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An empirically grounded framework to guide blogging in higher education

Kerawalla, L.; Minocha, S.; Kirkup, G. and Conole, G. (2009). An empirically grounded framework to guide blogging in higher education. Journal of Computer Assisted Learning, 25(1) pp. 31–42.

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DOI (Digital Object Identifier) Link: http://dx.doi.org/10.1111/j.1365-2729.2008.00286.x
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Abstract

We report on a study involving Masters-level students who blogged as a part of a distance-learning course at the Open University, UK. We present an empirically-grounded framework which can be used to guide educators when they are considering blogging as part of their courses, and can be used by students’ whose courses include blogging activities. In our analysis of semi-structured interviews with students, we identified six factors that influenced their blogging: perceptions of, and need for, an audience; perceptions of, and need for, community; the utility of, and need for comments; presentational style of the blog content and the overarching factors related to the technological context, and the pedagogical context of the course. The students’ blogging behaviours were varied and depended upon the way in which they addressed each of the six factors. These factors along with the associated questions in the proposed framework provide insights about the activity of blogging from a student’s perspective. Therefore, the framework can guide the design of blogging activities in courses.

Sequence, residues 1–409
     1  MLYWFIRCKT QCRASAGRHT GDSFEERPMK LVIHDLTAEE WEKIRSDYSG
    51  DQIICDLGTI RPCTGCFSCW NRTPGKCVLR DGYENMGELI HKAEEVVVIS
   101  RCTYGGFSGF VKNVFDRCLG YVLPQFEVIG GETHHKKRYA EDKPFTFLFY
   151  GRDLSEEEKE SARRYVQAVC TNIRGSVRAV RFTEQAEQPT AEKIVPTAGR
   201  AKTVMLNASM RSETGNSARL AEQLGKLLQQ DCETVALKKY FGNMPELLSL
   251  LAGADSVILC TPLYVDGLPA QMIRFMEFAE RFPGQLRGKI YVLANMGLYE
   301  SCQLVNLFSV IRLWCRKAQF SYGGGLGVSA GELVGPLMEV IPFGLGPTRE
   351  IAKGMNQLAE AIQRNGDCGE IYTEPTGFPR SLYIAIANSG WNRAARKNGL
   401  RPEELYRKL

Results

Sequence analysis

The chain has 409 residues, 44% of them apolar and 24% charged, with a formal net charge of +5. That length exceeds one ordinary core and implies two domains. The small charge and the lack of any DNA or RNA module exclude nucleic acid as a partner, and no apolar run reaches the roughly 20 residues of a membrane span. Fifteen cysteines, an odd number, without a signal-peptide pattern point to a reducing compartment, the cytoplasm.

Item Type: Journal Article
Copyright Holders: 2008 The Authors
ISSN: 0266-4909
Project Funding Details:
Funded Project NameProject IDFunding Body
Not SetNot SetOpen University
Keywords: blogging; framework; Higher Education; blogs; internet in higher education; computers and college students; curriculum planning; college student attitudes; student participation; distance learning; learning design
Academic Unit/Department: Education and Language Studies > Childhood, Development and Learning
Mathematics, Computing and Technology > Computing & Communications
Institute of Educational Technology
Interdisciplinary Research Centre: Centre for Research in Education and Educational Technology (CREET)
Centre for Research in Computing (CRC)
Item ID: 15770
Depositing User: Lucinda Kerawalla
Date Deposited: 16 Apr 2009 10:33
Last Modified: 12 Feb 2013 08:53
URI: http://oro.open.ac.uk/id/eprint/15770
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